Dealing with the past is vital to building peace in communities; the end of fighting does not equal the resolution of conflict, and historical grievances can continue to fuel on-going violence. In Melanesian societies, where conflicts are occurring on larger scales and with the introduction of high-powered weapons, the effects of post-conflict trauma are felt among a larger proportion of individuals than ever before.
Dealing with the past legacies of violence encompasses a broad range of topics, including attempts to transform broken relationships, reconciliation processes and healing, and how the collective memory and narratives about the past positively or negatively impact the sustainability of peace.
This new project looks to explore the different ways in which people in the Pacific Islands are addressing the legacies of violence, to help inform and shape peacebuilding and transformation in the Pacific, and support peacebuilders working across the region.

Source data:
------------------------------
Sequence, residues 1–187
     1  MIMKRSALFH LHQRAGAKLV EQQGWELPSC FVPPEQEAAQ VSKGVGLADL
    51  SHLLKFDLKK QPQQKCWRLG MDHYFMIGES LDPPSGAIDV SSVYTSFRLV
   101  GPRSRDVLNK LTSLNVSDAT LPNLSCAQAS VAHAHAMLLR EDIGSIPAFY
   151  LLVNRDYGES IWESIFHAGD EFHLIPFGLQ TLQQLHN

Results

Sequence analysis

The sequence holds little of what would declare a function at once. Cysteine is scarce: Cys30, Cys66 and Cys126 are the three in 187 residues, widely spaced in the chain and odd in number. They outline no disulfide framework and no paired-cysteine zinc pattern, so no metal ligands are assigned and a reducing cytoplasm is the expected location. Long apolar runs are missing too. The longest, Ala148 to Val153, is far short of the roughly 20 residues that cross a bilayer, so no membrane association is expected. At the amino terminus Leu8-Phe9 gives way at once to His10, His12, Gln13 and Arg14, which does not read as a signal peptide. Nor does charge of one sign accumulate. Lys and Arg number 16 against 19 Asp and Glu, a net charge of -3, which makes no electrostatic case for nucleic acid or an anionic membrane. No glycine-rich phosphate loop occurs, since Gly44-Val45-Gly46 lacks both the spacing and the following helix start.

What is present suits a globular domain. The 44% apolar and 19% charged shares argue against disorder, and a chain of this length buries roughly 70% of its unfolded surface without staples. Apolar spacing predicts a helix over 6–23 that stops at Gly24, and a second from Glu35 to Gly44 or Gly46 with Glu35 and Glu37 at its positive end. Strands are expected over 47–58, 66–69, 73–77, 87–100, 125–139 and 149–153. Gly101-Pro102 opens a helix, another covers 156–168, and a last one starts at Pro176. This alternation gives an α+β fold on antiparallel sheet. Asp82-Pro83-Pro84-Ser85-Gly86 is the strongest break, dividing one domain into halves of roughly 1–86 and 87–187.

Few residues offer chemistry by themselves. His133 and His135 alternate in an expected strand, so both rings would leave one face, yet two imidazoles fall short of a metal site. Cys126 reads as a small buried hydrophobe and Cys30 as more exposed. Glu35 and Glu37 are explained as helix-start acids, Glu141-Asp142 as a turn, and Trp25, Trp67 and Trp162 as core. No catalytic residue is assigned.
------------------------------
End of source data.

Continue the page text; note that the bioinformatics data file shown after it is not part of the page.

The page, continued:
How to take part
Contributions are welcomed from peacebuilding practitioners and scholars in and of the Pacific Islands, whose work or experience involves dealing with past legacies of conflict - this could be through life experiences, studies, or stories.
Contributions can be in the form of art, dance, theatre, poetry, spoken word, music, film, creative writing or a research article, and will be brought together in a final story compilation.
If you are interested in submitting a contribution, please read our Call for Contributions for more information about the project and how to apply. Deadline for submitting interest is 19 March 2023.
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In moving forwards towards peace, it is important that the legacies of war and violence are addressed. We work on the memory and narrative around conflict, to avoid them continuing to feed into future violence.
We have been working in the Pacific region for over 20 years. We have programmes in multiple parts of the Pacific region, with our work varying from supporting community peacebuilding efforts to promoting comparative learning on shared conflict issues, such as climate change and conflict.